My first semester was a struggle.  I started off the semester sick as a dog from Handmade and Bound, this melange lingered for the first three weeks, and this really put a damper on the class.

Although I had videos, presentations, and handouts prepared for the duration of the course, I didn't design exercises to help reinforce concepts, and tended to just plow through the lecture.  The best experiences I had happened after class three (perspective), when my cold finally abated and we'd covered enough of the basics that the students were working on their own projects.  This gave me a chance to actually engage them about their projects one on one, in person, and this was when things really started to click.

For this class, I handled all of the printing- from class handouts to printing their comic work to printing the final zines.  I went through several reams of copy paper, and used several toner cartridges, making this an expensive class to teach.

The Inking Workshop was probably the best class- entirely hands on, lots of fun art supplies to play around with, and I knew that for the next class, I needed to ease back on presentations and focus more on hands-on activities.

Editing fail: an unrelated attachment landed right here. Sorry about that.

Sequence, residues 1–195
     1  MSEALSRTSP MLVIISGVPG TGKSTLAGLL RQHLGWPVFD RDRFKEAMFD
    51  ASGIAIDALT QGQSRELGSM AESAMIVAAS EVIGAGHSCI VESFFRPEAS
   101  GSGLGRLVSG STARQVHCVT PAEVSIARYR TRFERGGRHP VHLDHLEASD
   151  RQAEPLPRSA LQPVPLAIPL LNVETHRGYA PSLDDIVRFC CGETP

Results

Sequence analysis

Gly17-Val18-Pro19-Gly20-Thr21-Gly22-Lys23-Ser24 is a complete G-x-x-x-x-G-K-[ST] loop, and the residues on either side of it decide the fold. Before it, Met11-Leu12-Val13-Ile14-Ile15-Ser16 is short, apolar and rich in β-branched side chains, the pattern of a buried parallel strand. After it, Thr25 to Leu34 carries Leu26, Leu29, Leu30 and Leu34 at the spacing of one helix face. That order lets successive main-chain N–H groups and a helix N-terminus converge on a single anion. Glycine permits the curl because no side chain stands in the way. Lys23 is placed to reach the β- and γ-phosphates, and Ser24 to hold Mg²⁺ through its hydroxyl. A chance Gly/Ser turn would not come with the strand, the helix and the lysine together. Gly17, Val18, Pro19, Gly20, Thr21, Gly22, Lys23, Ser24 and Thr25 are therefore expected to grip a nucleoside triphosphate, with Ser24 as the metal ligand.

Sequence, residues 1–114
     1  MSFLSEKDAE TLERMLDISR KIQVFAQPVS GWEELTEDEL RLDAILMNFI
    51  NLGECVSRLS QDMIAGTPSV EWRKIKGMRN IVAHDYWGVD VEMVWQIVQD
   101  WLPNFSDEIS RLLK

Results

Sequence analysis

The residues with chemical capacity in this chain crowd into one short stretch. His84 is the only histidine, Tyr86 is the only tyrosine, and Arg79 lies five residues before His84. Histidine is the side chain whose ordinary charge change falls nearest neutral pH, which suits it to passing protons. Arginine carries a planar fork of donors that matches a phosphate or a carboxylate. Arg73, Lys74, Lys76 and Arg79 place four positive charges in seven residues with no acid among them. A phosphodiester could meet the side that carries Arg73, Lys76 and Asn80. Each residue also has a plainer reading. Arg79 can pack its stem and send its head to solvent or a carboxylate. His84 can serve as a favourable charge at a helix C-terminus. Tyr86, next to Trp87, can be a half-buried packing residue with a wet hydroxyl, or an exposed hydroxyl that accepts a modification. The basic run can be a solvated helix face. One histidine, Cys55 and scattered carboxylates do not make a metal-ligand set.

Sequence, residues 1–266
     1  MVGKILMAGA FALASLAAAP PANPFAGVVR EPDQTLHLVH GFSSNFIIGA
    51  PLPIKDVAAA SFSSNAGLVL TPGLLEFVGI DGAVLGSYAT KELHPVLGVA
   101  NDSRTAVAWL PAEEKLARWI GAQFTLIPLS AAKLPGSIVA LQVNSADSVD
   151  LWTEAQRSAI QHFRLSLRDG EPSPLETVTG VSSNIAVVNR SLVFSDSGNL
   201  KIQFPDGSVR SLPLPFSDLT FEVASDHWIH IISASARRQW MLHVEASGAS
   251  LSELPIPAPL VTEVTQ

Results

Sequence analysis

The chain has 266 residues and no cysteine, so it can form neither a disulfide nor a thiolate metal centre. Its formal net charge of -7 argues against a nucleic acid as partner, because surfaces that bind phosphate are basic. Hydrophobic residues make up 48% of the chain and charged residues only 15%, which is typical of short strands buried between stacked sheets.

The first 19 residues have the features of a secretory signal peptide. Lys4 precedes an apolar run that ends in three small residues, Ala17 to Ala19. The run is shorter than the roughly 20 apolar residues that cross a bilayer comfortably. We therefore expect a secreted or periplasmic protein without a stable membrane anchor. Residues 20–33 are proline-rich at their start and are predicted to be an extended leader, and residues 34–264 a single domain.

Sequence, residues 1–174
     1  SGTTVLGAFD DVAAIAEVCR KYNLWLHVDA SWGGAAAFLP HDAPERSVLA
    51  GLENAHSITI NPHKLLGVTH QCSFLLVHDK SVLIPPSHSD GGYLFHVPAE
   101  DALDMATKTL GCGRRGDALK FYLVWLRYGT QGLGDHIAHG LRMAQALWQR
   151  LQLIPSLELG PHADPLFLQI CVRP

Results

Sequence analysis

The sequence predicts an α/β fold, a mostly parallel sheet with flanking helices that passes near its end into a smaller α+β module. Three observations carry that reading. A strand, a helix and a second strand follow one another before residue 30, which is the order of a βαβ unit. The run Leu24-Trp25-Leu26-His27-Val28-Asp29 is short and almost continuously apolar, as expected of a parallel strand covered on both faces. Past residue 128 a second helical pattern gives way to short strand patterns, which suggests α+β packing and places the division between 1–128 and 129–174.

Our zine exchange took place on class six- we really had to scramble to get to that point.  Most students submitted zines, but everyone submitted something.  Our exchange was fairly small, and only open to students.

It was a huge relief to finish this semester, and I was determined to learn from my mistakes, and give it another semester before throwing in the towel.

Interim Teaching

In between my first and second Nashville Making Comics classes, I taught three comics-focused workshops with the St Charles Parish Library System, and this really gave me a chance to revise my presentations and work in exercises

Classes Taught:

DIY Zines
Writing Comics

Inking Comics

Each class was held at a different branch of the St Charles Parish Library system- Destrehan, Luling, and Paradis, Louisiana.  Each class was supervised by a branch librarian, and all participated in the workshop to varying degrees.  For these workshops, I had my mom's assistance in setting up and engaging the attendees, although for the Inking Workshop, I put my family to work learning the basics of inking.

These classes were open to students of all ages, but the majority of students were young and active, full of ideas and ready to start drawing.  The classes had to be revised to better suit their needs and patience, and while revising these classes, I learned a lot about how to make my classes more interactive.